Calix today is announcing a successful demonstration of channel bonding on its NG-PON2 technology to deliver 40 Gbit/s of symmetrical service on a single fiber in an access network. The key value of this approach is to enable network operators to deliver business, residential, multi-dwelling unit and wireless backhaul services over a single fiber infrastructure.
The demonstration was sought by Verizon Communications Inc. (NYSE: VZ), with whom Calix Inc. (NYSE: CALX) is already working in NG-PON2 trials, says Geoff Burke, senior director of corporate marketing, in an interview. By using the Calix AXOS software-driven access system to bond multiple NG-PON2 wavelengths, Calix didn't have to make hardware changes, which enabled it to meet Verizon's request in 12 days, he says. (See Verizon Proves NG-PON2 Interoperability, Next-Gen Calix OLT Gives Verizon an Edge and Verizon Readies Landmark NG-PON2 Trial.)
"It is exciting to be able to not only conceive of these things but bring them to reality very rapidly," Burke says. Calix has been demonstrating NG-PON2 in multiple networks already, and is expecting that technology to be deployed before the end of 2017. "The bonding is something that would come right afterward; it's a matter of identifying the company that will be the lead deployer of that."
The wavelength combination for NG-PON2 is similar to what happens in the DSL world, he adds. Individual wavelengths are brought together to support up to 40 Gbit/s of symmetrical throughput. This is actually also the only way to deliver a true 10Gbit/s business service, Burke says, because a single wavelength of 10 Gbit/s loses some of that capacity to overhead.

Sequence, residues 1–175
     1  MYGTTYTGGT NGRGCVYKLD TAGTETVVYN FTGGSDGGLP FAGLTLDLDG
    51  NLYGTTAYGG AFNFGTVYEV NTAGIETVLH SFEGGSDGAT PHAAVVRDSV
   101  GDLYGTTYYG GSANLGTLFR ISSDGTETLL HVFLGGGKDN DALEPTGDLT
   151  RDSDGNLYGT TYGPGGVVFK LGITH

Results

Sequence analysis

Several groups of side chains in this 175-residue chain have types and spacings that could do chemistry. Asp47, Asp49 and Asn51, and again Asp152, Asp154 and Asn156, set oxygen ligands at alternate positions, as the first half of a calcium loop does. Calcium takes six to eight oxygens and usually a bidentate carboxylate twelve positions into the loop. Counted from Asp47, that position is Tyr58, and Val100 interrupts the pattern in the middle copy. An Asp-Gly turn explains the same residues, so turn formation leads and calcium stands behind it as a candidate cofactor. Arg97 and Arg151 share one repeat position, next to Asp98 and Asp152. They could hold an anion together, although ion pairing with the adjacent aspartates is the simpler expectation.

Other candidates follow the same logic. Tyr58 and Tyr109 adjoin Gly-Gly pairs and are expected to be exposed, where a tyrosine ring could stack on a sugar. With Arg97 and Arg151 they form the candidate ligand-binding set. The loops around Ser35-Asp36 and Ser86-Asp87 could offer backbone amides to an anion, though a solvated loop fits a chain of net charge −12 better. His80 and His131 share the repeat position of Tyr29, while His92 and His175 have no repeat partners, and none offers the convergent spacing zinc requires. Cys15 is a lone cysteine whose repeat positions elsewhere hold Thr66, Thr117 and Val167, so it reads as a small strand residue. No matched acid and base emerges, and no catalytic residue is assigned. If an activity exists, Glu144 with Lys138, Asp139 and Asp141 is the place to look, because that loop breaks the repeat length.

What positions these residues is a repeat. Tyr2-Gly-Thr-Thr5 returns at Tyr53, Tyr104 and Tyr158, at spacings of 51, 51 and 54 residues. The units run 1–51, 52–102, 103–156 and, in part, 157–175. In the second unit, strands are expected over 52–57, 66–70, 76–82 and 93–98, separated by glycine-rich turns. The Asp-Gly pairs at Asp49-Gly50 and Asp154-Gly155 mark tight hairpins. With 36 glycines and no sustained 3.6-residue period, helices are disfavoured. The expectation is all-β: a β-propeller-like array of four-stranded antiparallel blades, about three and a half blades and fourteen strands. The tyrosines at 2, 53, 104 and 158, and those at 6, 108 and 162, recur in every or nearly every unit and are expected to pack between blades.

But the real value of combining wavelengths is the ability to support high-speed business services, residential services bundles, 5G backhaul and transport to MDUs all on the same fiber access network. That simplifies the architecture and makes for more efficient fiber investments, Burke says.
"What you would have to do if you weren't utilizing this technology? You would have to have more dedicated fibers, and you would have to lay those fibers, roll the trucks, and have a service outage, a maintenance window -- this is a more efficient, more effective way to deliver more bandwidth."
G.fast, a higher-bandwidth copper option, is being used to deliver more bandwidth within these larger buildings but will require a fatter conduit to and from the network, he notes.
"For someone like Verizon, where they historically had separate networks for residential, business services and wireless operations, they now can combine this into one network that ultimately turns up and down different lambdas based on need and opportunity," Burke says. "As you can imagine, there are other advantages as well, one of which is redundancy. You can move from one lambda to another or add bandwidth on the fly completely without a maintenance window."
— Carol Wilson, Editor-at-Large, Light Reading
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